This is not an easy thing to construct, even for royalty. It’s why advisors crawled out of the primordial muck. Sounds like you should shop around for a guy who does more than throw iShares brochures at ya.

So, Roxy, would I invest my money at a time like this?

In a heartbeat, m’lady.

How not to invest (2)

Chuck fears risk. He read my post on the weekend, and worried some more. “Many people park their money in high interest savings accounts because they have been burned in the markets before,” he said. “While a high interest saving account may yield a negative return after inflation, it has still outperformed my balanced portfolio which is down almost 5% YTD.”

Such a human thing to say.

Chuck’s up at night these days because his investments, almost half in fixed income and half in growth ETFs, are off by 5%. This compares to, say, equity mutual funds which reflect the TSX (down 19%), the Dow (off 16%) or emerging markets (lower by 22%). Even gold has cratered 15%. As markets decline amid a global slowdown, looming US recession and European debt debauchery, Chuck sees growing risk. He wishes he could hide.

Of course, he’s got it wrong. Like the fools still buying houses in Vancouver and Mississauga Chuck’s convinced there is less risk in rising markets and greater risk in falling ones. When asset values rise, he’s confident. When they fall, he’s into the scotch. Like I said, very human.

This is why most people suck at investing, and completely misunderstand the nature of risk. If they thought about it, instead of emoting over it, they’d see every time markets fall (houses, stocks, bonds, gold), risk comes off the table. Every time they rise, it increases. After all, if you’re paying $1.3 million for a fixer-upper on the west side of Vancouver, or buying an ounce of gold at $1,900, or an ETF when stocks are at a 52-week high, you’re paying too much. Your odds of losing money are about 100%.

Sadly, our brain tells us otherwise. We fear losses more than we covet gains. So we’re happy to make nothing in a bank account when markets fall, and fire financial advisors who serve up 2% when they rise.

This is why most of the people you know are headed for the ditch.

Think back three years. The winter of 2008-9 brought a wave of worry. Stock markets fell. Companies bled jobs. The real estate market froze and prices melted. The media teemed with dire stories. Everybody wished they’d seen it coming, vowed to cut back on their debt, then bailed out of their stocks and equity mutual funds. The apex of selling came in the early days of March, 2009.

There are parallels today. It’s not 2008 (no big corporate bloodletting, no credit freeze, no bank failures) but it’ll sure fell the same (markets wobble, housing suffers, economy shrinks).

The biggest difference from then: most people have less liquidity, more debt, fewer savings and no diversification. The three-year-long real estate binge, fuelled by emergency interest rates, created a false wealth effect which made folks forget what it felt like to stand on the edge of an abyss. Soon that feeling will reappear. This time, with most of their net worth in a single asset and a mortgage the size of regret, there’s no financial fairy to save them. Rates can’t plunge. The government’s in debt. Wages going nowhere.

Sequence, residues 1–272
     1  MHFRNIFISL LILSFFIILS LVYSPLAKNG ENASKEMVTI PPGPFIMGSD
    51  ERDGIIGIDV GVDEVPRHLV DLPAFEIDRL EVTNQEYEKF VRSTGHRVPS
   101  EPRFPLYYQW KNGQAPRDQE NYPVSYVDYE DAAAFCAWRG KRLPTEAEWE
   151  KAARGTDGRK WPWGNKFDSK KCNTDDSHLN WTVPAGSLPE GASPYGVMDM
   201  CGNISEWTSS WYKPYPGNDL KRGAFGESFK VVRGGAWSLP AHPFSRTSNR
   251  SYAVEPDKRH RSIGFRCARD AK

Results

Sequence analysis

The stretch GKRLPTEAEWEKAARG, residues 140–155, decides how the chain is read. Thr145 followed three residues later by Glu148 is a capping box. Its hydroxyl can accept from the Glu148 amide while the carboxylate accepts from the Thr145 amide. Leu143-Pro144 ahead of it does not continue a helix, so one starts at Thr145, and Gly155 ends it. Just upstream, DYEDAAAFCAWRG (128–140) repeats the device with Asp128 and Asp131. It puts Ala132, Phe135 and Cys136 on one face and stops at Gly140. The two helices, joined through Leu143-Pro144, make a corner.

In other words, they had three years to learn some lessons, and absorbed none. Just as greed drove equity investors in 2007 to eschew balance and eat risk by jumping into a rising market, so homeowners have done the same. They bought higher, expecting higher. They borrowed big, expecting gains. They gambled and called it investing.

In fact anyone who concentrates their wealth in one place – houses, gold, silver, stocks, commodities – is going to live 2008 and 2009 all over again. Only this time the pain could last half a decade, or more.

Meanwhile, what about being happy with making 2% in the manly comfort of the orange guy’s shorts?

No issue, if you already have a million or two. That should see you most of the way through retirement.

But if your net worth’s less than seven figures, with a few decades to go before buying your first package of Depends and installing a walk-in bathtub, you’re courting the greatest risk of all. Running out of money. Saving enough to finance thirty years after work will be virtually impossible, unless interest rates quadruple. And that ain’t going to happen.

So, back to Chucky. He moans over a 5% ‘loss,’ which is no loss at all if he doesn’t sell. His balanced portfolio has saved him from three-quarters of the market meltdown. It instantly positions him to gain when recovery takes hold (and it always does). He owns assets that produce income. He’s liquid and diversified. And over time, as history shows, he’ll prosper.

Unless, of course, he reads this pathetic blog’s comments.

Oh, the humanity.

Global BC: where the pumping never stops

… and where a new condo building and a mall are worth 4:46 of your life. Amazing.

  Garth’s latest podcast is here.